And, we've taken no vacations and bought no new cars.

But...we did it. We'll have a Dentist, an attorney, and a kid in the Peace Corps. Worth every penny.
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YDogg Donating Member (1000+ posts) Send PM | Profile | Ignore Sat Mar-08-08 08:40 PM
Response to Reply #20
24. You rock.
Seriously. :thumbsup:
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redwitch Donating Member (1000+ posts) Send PM | Profile | Ignore Sun Mar-09-08 05:27 PM
Response to Reply #24
56. I second that!
You did a great job!
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aikoaiko Donating Member (1000+ posts) Send PM | Profile | Ignore Sat Mar-08-08 08:29 PM
Response to Original message
21. If you graduate from a GA high school with a 3.0, all tuition at GA universities is free

as long as you keep a 3.0.

Out of state residents can move here, prove themselves by paying 1 year of tuition, and then the next three years are free.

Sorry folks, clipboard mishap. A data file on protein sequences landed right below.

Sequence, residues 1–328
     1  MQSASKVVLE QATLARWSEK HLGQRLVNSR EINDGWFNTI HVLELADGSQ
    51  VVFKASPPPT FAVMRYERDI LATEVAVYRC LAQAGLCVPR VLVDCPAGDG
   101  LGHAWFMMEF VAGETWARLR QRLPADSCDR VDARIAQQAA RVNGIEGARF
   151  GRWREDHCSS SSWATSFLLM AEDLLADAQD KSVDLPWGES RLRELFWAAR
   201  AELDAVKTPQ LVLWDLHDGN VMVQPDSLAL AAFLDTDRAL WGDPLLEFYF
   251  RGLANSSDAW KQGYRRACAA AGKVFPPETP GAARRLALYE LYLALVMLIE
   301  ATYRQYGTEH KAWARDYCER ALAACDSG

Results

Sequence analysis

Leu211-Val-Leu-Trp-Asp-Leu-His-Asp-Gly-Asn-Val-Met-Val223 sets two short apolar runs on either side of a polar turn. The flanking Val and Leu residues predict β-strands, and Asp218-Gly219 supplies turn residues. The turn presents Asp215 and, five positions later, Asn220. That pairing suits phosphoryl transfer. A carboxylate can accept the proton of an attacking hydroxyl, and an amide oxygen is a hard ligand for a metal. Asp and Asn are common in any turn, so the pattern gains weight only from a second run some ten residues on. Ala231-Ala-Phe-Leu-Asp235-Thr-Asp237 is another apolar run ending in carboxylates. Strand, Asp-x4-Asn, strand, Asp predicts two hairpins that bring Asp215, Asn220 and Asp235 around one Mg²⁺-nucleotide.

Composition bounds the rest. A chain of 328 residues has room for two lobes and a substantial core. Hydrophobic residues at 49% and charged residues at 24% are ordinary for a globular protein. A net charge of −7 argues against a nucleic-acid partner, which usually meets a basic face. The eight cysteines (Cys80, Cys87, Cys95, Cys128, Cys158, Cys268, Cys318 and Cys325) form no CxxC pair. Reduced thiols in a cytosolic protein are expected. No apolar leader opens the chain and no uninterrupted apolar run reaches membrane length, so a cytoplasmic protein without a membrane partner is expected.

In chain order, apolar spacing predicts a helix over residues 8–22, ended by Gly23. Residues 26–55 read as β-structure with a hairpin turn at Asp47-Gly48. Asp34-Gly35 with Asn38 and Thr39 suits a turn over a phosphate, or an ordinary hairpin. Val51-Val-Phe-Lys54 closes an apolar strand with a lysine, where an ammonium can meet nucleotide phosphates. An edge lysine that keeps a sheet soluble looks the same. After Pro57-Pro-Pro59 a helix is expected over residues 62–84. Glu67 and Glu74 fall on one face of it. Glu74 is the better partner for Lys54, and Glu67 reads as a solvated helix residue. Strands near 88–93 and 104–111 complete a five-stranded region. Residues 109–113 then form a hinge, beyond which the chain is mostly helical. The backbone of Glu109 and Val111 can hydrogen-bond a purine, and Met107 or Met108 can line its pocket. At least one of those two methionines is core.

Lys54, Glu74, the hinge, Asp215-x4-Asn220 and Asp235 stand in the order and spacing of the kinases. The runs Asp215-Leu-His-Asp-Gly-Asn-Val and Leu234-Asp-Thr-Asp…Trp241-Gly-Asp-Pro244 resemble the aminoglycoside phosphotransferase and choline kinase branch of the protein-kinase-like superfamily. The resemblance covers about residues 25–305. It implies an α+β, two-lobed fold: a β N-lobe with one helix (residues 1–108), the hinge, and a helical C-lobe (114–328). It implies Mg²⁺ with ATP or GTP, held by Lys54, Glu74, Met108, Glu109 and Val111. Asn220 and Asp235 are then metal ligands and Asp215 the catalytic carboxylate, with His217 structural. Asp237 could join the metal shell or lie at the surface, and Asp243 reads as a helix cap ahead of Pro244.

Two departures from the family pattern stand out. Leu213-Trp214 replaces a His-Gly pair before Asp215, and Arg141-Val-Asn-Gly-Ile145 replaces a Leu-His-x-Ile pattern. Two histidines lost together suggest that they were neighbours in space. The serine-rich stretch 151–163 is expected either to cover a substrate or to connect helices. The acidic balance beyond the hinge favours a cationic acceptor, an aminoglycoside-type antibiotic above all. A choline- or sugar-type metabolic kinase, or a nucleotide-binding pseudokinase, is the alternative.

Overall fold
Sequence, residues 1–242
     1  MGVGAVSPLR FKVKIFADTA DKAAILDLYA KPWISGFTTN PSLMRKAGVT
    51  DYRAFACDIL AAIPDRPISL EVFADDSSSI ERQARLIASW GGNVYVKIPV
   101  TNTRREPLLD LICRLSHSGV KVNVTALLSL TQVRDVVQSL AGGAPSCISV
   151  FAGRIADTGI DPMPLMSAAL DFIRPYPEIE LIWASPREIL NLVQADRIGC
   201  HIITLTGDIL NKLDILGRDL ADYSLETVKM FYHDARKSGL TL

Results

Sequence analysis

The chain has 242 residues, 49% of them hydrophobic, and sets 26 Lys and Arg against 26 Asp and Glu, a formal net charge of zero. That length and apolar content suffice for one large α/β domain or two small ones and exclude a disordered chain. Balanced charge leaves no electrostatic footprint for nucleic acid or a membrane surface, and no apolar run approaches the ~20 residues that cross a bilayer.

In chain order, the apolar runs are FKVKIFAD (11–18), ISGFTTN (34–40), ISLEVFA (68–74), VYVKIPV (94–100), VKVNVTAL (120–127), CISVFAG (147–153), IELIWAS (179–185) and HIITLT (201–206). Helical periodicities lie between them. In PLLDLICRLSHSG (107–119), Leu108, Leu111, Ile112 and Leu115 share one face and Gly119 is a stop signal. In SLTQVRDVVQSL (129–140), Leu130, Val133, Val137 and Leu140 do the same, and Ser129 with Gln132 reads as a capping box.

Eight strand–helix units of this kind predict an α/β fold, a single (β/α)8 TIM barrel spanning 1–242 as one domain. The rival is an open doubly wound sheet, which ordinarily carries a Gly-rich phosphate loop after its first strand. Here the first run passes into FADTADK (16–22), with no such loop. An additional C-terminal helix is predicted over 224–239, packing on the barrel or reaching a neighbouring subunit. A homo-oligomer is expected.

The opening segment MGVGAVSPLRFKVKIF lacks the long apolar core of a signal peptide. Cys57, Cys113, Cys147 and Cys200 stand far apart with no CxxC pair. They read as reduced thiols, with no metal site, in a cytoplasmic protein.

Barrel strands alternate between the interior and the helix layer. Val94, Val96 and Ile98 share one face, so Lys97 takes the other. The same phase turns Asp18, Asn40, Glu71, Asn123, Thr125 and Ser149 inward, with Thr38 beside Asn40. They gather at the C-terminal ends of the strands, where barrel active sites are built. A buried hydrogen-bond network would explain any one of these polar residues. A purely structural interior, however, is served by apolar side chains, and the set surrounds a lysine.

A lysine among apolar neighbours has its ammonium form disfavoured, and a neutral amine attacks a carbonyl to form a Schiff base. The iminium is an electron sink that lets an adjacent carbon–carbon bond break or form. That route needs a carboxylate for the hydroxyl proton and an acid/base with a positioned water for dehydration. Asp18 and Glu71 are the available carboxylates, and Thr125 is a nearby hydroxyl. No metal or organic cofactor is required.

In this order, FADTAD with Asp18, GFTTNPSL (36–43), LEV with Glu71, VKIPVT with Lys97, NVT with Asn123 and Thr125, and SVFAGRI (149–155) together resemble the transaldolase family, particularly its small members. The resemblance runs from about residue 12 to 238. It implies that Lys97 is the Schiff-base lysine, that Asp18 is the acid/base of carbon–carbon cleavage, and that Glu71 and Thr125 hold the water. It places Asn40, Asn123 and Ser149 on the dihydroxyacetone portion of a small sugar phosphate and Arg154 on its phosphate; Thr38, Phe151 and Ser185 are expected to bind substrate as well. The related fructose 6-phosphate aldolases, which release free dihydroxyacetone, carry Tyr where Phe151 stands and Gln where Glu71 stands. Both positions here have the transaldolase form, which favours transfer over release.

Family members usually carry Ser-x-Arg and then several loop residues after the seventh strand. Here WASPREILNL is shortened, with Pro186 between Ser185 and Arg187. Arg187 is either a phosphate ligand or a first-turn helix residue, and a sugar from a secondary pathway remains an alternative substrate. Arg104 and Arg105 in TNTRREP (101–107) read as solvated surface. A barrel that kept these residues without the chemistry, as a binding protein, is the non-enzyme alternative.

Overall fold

We call it the Hope Scholarship. Its a great deal and I encourage DUers to take advantage of it.
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canoeist52 Donating Member (1000+ posts) Send PM | Profile | Ignore Sat Mar-08-08 10:18 PM
Response to Reply #21
34. But be advised, tuition at most schools is becoming a small
percentage of the total college bill. They have what they call "fees" which in many cases represent 1/3 of the bill.
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aikoaiko Donating Member (1000+ posts) Send PM | Profile | Ignore Sat Mar-08-08 10:21 PM
Response to Reply #34
35. What you say is true, but HOPE also pays fees


So called "Hope Approved Fees", but it usually covers everything at my school.